You’ve done the training. All your kit is packed and ready to go. But have you thought about your race day nutrition?
This past weekend I attended Mallorca 70.3 – one of the biggest half Ironman events in the world. Over pizza and pasta at dinner the night before the race one of the athletes competing casually asked me what he should eat during the race.
The race was about to begin in less than 12 hours and until that moment it hadn’t crossed his mind to think about race day nutrition.
Create a race day plan in advance
He isn’t alone either.
I see many highly motivated athletes who focused all their energy and attention on getting the training done then forgot to consider what is going to fuel their efforts.
What you eat the day before and the day of a race can have a HUGE impact on your performance – reducing fatigue, allowing you to ride with greater power or run at faster speeds without hitting the wall or bonking.
Figuring out your race day nutrition plan long before the race happens gives you time to test out and see what does or doesn’t works for you.
Some athletes swear by gels, others prefer real food. We are all different and what works for someone else isn’t always ideal for you and your body.
Preferably a few weeks in advance
Races are stressful enough without having to think about what to eat. On race day you don’t want any surprises and having one less thing to think about means you can focus on racing.
The golden rule with race day nutrition is to NEVER try anything new on race day.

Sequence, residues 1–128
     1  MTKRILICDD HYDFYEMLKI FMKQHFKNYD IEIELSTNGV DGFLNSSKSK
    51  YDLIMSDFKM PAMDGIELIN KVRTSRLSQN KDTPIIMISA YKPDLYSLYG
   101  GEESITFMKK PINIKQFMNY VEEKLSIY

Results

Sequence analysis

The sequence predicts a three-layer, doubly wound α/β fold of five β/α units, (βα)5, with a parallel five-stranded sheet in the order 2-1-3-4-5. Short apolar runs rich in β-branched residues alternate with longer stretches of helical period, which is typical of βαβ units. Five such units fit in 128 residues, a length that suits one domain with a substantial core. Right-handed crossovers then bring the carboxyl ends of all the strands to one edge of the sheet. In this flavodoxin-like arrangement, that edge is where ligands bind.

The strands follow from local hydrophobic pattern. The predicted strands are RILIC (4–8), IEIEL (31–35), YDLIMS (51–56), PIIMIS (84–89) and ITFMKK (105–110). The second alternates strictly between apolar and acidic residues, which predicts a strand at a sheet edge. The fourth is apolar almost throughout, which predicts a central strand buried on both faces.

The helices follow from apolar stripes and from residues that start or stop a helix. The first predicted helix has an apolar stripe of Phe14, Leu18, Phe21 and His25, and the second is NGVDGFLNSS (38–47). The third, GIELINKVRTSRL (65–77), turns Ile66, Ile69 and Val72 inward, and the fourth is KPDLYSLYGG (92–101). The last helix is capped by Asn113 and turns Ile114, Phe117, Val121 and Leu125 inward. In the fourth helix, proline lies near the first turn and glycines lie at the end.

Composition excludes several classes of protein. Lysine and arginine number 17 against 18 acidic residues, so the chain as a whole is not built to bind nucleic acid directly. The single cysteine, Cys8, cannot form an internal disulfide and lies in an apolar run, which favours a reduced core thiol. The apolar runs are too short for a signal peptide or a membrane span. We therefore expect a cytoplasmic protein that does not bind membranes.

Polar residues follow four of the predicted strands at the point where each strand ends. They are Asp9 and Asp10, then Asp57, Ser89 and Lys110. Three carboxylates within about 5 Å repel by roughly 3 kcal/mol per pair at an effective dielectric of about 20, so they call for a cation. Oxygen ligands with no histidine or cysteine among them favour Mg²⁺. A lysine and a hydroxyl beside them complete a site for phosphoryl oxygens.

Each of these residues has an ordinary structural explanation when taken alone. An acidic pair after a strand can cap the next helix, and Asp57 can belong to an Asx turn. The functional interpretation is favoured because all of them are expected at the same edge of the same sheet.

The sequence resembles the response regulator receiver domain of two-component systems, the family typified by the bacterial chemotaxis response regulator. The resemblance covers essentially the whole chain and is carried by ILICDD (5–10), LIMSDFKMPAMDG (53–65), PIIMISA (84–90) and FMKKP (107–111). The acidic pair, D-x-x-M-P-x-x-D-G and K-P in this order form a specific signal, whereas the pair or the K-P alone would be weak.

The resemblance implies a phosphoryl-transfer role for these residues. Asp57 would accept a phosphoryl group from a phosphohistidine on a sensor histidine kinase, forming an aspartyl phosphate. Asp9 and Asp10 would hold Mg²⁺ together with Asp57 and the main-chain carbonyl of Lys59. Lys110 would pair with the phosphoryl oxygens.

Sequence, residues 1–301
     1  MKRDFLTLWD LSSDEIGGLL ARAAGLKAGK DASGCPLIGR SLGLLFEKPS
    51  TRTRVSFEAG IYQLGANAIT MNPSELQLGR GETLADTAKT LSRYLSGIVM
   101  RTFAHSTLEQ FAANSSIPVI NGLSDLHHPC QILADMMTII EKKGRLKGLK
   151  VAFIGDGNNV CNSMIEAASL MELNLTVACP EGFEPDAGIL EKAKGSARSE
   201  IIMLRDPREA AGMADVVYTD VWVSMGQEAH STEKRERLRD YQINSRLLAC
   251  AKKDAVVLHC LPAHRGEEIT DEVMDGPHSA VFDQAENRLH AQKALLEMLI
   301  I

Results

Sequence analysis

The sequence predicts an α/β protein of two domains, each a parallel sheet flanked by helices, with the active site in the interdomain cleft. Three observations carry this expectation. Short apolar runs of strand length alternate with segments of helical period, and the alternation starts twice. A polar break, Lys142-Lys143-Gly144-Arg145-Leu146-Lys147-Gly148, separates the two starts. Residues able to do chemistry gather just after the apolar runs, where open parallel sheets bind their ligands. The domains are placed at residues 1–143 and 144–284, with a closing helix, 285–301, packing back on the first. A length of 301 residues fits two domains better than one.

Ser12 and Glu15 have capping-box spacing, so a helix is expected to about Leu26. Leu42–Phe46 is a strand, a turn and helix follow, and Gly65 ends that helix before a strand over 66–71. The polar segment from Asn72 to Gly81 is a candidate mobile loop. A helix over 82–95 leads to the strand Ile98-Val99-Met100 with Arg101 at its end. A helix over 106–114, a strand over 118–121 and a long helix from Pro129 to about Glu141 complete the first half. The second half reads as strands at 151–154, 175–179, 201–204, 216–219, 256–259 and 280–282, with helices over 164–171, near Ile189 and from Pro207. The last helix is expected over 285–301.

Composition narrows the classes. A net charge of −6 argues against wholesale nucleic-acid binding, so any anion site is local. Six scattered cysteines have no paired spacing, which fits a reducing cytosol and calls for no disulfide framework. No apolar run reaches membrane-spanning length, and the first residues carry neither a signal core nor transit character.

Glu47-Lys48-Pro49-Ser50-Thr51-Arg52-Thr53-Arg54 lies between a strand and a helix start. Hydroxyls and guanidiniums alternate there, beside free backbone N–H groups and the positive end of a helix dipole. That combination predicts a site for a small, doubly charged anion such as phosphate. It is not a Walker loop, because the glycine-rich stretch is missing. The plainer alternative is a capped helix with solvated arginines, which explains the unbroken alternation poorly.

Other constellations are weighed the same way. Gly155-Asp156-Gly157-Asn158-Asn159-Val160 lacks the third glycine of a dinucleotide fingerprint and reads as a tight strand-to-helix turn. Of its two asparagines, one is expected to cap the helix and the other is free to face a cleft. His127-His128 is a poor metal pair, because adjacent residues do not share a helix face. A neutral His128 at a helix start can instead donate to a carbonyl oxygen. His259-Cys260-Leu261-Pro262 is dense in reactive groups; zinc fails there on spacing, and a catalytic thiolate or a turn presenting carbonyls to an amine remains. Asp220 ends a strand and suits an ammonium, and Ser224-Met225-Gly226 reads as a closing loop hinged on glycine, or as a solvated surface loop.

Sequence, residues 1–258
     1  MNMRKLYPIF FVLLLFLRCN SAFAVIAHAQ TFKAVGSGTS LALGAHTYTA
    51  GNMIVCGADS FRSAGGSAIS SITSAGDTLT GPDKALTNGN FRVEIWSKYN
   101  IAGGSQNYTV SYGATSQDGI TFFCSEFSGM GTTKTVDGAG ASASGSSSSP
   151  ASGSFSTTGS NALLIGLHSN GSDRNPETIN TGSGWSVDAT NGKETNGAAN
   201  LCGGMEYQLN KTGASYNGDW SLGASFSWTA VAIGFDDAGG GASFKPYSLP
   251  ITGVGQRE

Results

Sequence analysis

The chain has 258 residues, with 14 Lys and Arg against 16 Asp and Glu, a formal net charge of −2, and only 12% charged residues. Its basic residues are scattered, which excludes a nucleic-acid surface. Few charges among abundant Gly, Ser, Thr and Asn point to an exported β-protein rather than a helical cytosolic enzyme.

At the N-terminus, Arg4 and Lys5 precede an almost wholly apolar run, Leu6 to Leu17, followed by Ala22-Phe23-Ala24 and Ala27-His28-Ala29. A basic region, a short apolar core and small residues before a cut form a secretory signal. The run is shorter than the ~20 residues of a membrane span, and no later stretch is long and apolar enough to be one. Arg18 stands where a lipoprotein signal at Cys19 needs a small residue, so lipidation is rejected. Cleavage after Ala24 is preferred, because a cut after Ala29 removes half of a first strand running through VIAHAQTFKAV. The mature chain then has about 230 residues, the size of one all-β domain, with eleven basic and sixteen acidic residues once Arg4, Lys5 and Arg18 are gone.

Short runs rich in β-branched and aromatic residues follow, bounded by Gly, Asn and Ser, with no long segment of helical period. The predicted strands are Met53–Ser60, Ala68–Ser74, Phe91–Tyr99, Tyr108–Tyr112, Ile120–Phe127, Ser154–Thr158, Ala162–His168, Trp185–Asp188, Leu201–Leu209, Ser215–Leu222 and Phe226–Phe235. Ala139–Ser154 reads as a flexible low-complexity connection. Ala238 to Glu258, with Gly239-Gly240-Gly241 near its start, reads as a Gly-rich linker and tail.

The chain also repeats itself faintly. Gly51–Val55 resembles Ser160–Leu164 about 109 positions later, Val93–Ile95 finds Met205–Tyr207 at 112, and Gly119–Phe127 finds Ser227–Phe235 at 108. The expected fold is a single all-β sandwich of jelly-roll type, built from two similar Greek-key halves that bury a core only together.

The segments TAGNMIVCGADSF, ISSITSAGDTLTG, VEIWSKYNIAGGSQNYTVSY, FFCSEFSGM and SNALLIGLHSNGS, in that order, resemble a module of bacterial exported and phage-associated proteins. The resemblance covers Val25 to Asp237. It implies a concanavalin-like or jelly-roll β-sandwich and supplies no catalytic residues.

Races can be won and lost in the portaloos. Trying something new on race day could cause gastrointestinal stress that leaves you running for the bathroom. Not what you want come race day!
Testing out your race day plan in a similar training session a few weeks before helps ensure there is no unwanted surprises.
Use your training sessions to try new sports nutrition products out
The expo at a race often exposes you to awesome new sports nutrition brands that you don’t always see in your local stores.
This is great, just don’t go using it on race day unless you’ve tested it out on a training ride beforehand.
The last thing you need come race day is to be reliant on a particular food, gel or energy drink that doesn’t agree with you.
Remember, Race day nutrition isn’t EVERY day nutrition
The foods you are likely to eat on a race day are typically much higher in carbohydrate and sugars than you would eat on a standard training day.
As long as you aren’t eating like that every day, that’s okay!
It’s all about context.
If you want to learn more about how to fuel your training and how to create a race day nutrition plan, check out my online Cycling Nutrition Course.